Paul Dickson Loves to Write Books—His 67th Looks Like Another Winner

By Jack Limpert

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Paul’s latest is about baseball legend Leo Durocher.

Paul Dickson is working on his 68th book—his 67th, Leo Durocher: Baseball’s Prodigal Son, is finished and will be out early next year.

Paul’s 77th birthday was on Saturday, and his publishing output suggests a parallel to the goal of many golfers: shoot your age. Par on most golf courses is 72 and very few golfers can shoot that score, much less at age 72.

Paul has been writing books for 45 years and has published 67. In 10 years, can he come up with 20 more books, publishing his 87th book by his 87th birthday?

Don’t bet against him.
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Some background:

Paul’s first book, Think Tanks, was published in 1971. His eighth book, The Official Rules, was published in 1978 and much of it is still timely.

As an editor in Washington, I loved the wit and insights of The Official Rules and the Washingtonian published an excerpt. Some of the entries:

Baker’s Law: Misery no longer loves company. Nowadays it insists on it. —Russell Baker

Broder’s Law: Anybody who wants the presidency so much that he’ll spend two years organizing and campaigning for it is not to be trusted with the office. —David Broder

Brown’s Law: Never offend people with style when you can offend them with substance. —Sam Brown

Colson’s Law: If you’ve got them by the balls, their hearts and minds will follow. —Poster alleged to have hung in Richard Nixon aide Charles Colson’s office.

Dean’s Law: Washington is a much better place if you are asking the questions rather than answering them. —John Dean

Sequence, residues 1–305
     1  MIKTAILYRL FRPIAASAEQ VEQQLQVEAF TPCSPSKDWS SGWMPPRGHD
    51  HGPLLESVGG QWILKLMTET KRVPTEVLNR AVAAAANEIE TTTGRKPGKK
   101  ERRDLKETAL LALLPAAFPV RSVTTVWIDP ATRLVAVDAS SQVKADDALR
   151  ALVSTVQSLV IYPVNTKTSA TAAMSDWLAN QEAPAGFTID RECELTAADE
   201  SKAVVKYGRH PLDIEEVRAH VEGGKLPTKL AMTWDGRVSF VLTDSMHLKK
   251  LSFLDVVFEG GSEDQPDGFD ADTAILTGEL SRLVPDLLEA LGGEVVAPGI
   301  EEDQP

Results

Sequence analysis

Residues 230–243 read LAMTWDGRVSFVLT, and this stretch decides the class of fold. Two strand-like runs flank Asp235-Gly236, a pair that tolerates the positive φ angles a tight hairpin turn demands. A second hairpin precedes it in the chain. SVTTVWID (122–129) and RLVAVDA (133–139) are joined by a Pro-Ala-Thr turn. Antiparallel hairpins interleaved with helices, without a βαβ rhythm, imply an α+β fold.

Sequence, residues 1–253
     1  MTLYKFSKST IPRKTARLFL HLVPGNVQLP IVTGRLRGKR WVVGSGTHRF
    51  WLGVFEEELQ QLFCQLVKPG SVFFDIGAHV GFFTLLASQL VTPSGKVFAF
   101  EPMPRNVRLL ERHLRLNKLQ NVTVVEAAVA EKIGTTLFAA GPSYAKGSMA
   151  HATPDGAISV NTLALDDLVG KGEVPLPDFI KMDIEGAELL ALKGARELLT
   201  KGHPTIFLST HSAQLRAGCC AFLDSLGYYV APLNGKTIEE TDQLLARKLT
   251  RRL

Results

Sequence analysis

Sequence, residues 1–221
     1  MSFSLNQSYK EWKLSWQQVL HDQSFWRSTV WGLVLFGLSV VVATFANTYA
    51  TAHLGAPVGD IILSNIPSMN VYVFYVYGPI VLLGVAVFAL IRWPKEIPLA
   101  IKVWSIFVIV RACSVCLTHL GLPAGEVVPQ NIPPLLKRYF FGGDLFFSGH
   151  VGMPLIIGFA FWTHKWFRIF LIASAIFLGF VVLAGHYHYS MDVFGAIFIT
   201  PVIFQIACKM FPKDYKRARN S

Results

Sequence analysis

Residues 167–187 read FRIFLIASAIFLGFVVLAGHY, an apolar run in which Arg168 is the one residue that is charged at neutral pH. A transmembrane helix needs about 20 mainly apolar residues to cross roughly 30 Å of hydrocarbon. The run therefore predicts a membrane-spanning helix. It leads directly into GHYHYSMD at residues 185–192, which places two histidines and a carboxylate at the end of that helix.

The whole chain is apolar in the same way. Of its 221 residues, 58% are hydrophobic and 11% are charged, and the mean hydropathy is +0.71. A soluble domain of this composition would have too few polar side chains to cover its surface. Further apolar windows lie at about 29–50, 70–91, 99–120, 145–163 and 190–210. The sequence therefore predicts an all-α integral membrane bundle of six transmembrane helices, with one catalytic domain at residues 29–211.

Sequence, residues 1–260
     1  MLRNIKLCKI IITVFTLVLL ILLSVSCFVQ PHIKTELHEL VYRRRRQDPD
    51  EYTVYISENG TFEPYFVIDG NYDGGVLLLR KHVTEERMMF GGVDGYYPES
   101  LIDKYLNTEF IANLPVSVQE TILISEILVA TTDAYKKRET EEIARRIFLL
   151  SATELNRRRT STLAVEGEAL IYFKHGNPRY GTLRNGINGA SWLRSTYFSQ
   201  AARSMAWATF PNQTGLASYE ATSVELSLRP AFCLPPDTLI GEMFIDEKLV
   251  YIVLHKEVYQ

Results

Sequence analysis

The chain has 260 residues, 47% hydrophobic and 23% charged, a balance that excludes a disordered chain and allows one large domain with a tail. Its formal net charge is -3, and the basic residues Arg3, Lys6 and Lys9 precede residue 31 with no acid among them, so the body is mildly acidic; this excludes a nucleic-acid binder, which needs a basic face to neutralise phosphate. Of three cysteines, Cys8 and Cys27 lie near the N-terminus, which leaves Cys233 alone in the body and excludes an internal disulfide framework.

Dirksen’s Three Laws of Politics: 1. Get elected. 2. Get re-elected. 3. Don’t get mad, get even. —Senator Everett Dirksen

Herblock’s Law: If it’s good they’ll stop making it. —Herblock

Kafka’s Tout: In the fight between you and the world, back the world. —Franz Kafka

Mankiewicz’s Environmental Law: People who are excessively concerned about the environment invariably turn out to have a great deal of land. There are damn few unemployed and renters in the ecology movement. —Frank Mankiewicz

McCarthy’s Law: Being in politics is like being a football coach. You have to be smart enough to understand the game and dumb enough to think it’s important. —Eugene McCarthy

Navy Law: If you can keep your head when all about you are losing theirs, maybe you just don’t understand the situation. —U.S. Navy

Parkinson’s First Law: Work expands to fill the time available for its completion. —C. Northcote Parkinson

Parkinson’s Second Law: Expenditure rises to meet income.—Ibid

Parkinson’s Third Law: An enterprise employing more than 1,000 people becomes a self-perpetuating empire, creating so much internal work that it no longer needs any contact with the outside world. —Ibid

Pierson’s Law: If you’re coasting, you’re going downhill. —L.R. Pierson

Tom Jones Law: Friends may come and go, but enemies accumulate. —Dr. Thomas Jones

Weiler’s Law: Nothing is impossible for the man who doesn’t have to do it himself. —A.H. Weiler

After that first compilation of official rules, Paul wrote other books of rules, with the ultimate book of official rules—5,427 of them— published three years ago. Many of his books are collections—one that sells well year after year is Toasts.

Paul loves baseball. His 2012 biography, Bill Veeck—Baseball’s Greatest Maverick, was honored by three organizations of writers, and eight other Dickson books have baseball in the title.

Paul lives in Garrett Park, one of Washington D.C.’s prettiest suburbs, with his wife Nancy, who works with him on his books.

Happy birthday, Paul. Baseball legend Satchel Paige once said, “I never had a job. I always played baseball.” Paul feels the same way about writing books.

Comments

  1. Mike feinsilber says:

    I never met a Dickson I didn’t like or read a Dickson book I didn’t like. Trouble is he writes them faster than I can read them.

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